Omolani Wunmi, The Founder of Nanny Affairs, told Mobola Sadiq how she started her business and got clients on social media
What are your educational qualifications?
For my elementary education, I attended Deborah Nursery and Primary School, Ogudu, Lagos. I then proceeded to St. Helens Unity Secondary School, for my secondary education. After a year there, I moved to Allen High School, Lagos. I went on to study Quantity Surveying at the Federal University of Technology, Akure.
What services does your company offer?
Nanny Affairs is a placement/recruitment agency that specialises in the recruitment of nannies, housekeepers, chefs, drivers, gardeners, security men, baby nurses, adult care, front desk officers and office assistants.
The business idea was borne out of the need to help people keep their most valued assets safe; create long-term relationships with clients through the provision of the highest quality of professionals; consistent and reliable staffing in Nigeria; help parents find trustworthy nannies and make it sustainable in the long run; and increase childcare awareness.
What informed your decision to go into this line of business?
Back in the days, most mothers used to stay at home to take care of the children while fathers were the breadwinners. Today, the era of the full-time housewives is almost gone. To increase household income and provide additional financial support for the family, more urban African women are now gainfully employed or self-employed. Hiring nannies take the stress off their shoulders and enable them to concentrate on their jobs. I also started this business to curb robbery, child labour, domestic theft, and abuse of children, among others.
How much capital did you start with?
I started the business alone and with zero capital. I interviewed nannies and got their details right in my living room. I used the first money I made to register the business with the Corporate Affairs Commission and used the second to get an office space.
What were the major challenges you encountered when you started?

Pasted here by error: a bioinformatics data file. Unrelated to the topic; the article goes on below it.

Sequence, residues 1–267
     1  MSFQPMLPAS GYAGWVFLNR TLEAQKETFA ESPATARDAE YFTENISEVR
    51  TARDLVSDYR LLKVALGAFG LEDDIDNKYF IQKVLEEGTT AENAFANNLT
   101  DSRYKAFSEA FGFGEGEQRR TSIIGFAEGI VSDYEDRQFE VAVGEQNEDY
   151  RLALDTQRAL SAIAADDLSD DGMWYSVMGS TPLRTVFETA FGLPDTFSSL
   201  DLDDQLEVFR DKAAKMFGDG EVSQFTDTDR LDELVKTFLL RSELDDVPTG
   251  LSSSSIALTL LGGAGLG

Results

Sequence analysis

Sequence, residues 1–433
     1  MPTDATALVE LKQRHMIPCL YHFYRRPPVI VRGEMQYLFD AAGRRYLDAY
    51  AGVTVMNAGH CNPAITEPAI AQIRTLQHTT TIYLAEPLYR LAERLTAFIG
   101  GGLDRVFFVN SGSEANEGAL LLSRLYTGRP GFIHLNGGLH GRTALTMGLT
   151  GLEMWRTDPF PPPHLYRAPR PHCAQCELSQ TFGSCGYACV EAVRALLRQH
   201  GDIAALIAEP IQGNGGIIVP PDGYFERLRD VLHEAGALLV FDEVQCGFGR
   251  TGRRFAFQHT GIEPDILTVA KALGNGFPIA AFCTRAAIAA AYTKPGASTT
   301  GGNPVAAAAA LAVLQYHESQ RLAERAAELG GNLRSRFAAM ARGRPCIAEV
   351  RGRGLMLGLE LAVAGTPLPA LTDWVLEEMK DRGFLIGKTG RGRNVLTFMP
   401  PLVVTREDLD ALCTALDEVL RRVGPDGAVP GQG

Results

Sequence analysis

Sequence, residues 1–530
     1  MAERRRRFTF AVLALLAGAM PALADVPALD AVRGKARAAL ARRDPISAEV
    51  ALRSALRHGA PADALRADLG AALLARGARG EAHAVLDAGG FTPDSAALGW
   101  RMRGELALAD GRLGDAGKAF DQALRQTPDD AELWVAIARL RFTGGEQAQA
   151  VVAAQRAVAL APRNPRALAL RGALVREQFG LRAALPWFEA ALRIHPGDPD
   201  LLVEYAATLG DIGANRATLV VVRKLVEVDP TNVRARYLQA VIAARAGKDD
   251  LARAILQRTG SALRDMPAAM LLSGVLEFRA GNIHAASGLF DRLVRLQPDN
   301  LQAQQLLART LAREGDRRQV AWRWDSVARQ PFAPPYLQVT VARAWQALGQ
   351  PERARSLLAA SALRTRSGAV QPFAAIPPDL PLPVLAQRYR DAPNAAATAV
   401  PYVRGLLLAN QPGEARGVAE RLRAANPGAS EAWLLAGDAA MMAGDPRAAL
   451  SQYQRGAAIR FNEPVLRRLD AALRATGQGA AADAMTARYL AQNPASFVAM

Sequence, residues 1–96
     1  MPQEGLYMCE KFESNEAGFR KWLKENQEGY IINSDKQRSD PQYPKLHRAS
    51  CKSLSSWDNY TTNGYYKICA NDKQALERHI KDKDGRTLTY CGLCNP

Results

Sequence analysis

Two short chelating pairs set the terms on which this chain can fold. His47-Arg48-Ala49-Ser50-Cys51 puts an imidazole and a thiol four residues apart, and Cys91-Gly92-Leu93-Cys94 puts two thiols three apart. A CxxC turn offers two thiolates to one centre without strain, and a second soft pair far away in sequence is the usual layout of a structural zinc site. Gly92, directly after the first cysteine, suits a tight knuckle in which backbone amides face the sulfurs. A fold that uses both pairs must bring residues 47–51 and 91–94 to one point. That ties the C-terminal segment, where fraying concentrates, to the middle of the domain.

The major challenge bordered on customer service. In a world of instant gratification, customers expect instant service and can go to social media to share their displeasure at less-than-satisfactory service just as quickly. Today, customers can voice any displeasure much more publicly and loudly than ever before.
How are you tackling the risks associated with your business?
In order to mitigate the activities of dubious and fraudulent employees, I run physical background checks on prospective nannies and their guarantors. I even go as far as obtaining the addresses and other contact details of family members. Guarantors’ details are updated every three months to ensure the addresses submitted are still the same, and update the addresses if they have changed. Frankly speaking, any person who is subjected to the rigorous screening and verification process would not think of executing any criminal activity whatsoever. Cameras are also deployed to monitor the safety of children under the care of our nannies.
How has been the journey so far?
It has been challenging but I thank God we are assisting parents in focusing on their careers and also reducing mental and physical stress in society.
What are the major lessons you have learnt in business?
Business is not always about money. Obviously, making money is a major part of business success but what is more important is the vision and passion I have for my business. I’ve learnt that a business can’t grow overnight; consistency and hard work are critical elements in growing a business. Resilience and relationship building are also very important.
What do you think the government should do to help young entrepreneurs?
A major challenge that young entrepreneurs face is access to capital. Government can assist in this area by encouraging banks to offer loans to start-ups. The government can also offer loans that target small businesses.
There is a need for increased investment in education. Development experts agree that government has a big role to play in developing the education sector. Many American universities now partner with small business incubators to generate new businesses. In addition, the government should promote proper entrepreneurship education in universities.
What plans do you have for the future?
We are working towards increasing childcare awareness, especially in rural areas, by promoting exclusive breastfeeding, adequate complementary feeding, and the need for immunisation, among others. We aim to create a skill acquisition centre for young ladies in order to reduce unemployment and crime rates in the country. We will also expose pupils in primary schools to the use of first aid and also teach them how to perform cardiopulmonary resuscitation.